Updates on Geothermal Technologies

Association of Construction and Development
September 21, 2012 — 1,202 views  

Geothermal technology has been one of those terms associated with the "going green" movement that doesn't seem to be fully understood by the public. Geothermal technology is lumped in with wind energy technology and solar technology in the renewable energy category, but many people don't realize that it utilizes water, heat and steam from under the Earth's surface to produce energy.

While geothermal technology allows for energy to be stored and transmitted to distant locations, geothermal technology is primarily being used by cities on a local level to take care of local energy needs. Here are some updates on how the latest geothermal technologies are being developed and applied.

Citizens of Reno, Nevada, have witnessed some of the most sweeping changes in geothermal technology. Various geothermal plants within the city limits not only provide enough electrical energy to power all of the city's residences, but geothermal plants are also used for heating purposes as well. Additionally, Ormat Technologies, the primary provider of geothermal energy in Reno, has recently completed a geothermic cooling system based around the evaporation of water.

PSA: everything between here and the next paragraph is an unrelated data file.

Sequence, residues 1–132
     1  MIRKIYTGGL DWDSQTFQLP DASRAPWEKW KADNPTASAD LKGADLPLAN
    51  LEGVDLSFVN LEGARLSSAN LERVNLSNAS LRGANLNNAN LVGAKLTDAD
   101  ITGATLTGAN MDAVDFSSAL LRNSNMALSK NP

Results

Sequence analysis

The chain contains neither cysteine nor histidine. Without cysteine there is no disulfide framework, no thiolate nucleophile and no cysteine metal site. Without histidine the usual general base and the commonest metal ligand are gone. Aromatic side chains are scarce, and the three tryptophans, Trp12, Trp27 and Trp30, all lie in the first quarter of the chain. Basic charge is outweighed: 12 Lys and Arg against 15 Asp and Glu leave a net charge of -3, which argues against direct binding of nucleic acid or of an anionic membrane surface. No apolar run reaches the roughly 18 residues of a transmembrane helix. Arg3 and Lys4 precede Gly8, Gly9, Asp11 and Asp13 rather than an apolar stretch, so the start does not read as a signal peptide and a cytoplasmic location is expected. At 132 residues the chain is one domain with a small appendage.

In Iceland, scientists have been able to harness the power of the local volcanoes to ensure that residents have access to clean electrical energy and comfortable heat among other perks. Residents of Iceland have been utilizing geothermal energy for about seven decades now, and the energy is used in many daily aspects of life. The geothermal power that is harnessed has been used to heat swimming pools, power industry, heat greenhouses, and melt snow that accumulates in parking lots and other places of business.

Another unique way in which countries are using geothermal technology can be found in the United Arab Emirates (UAE). Formerly, geothermic engineers located cracks and fissures in the Earth's surface that would allow them to access and harness geothermic energy and warm spring water. In the UAE, engineers have created new fissures that they then pumped water into. These man-made fissures and geothermic systems have shown the world that it isn't necessary for there to be nearby natural hot springs in order to use geothermal energy.

As oil supplies become scarcer and prices continue to rise, countries and individuals are trying to find new ways to cut down on energy costs and become more self-sufficient. Although the use of geothermal energy is a relatively new idea, the world has already seen several interesting upgrades and advances in the technology.

Association of Construction and Development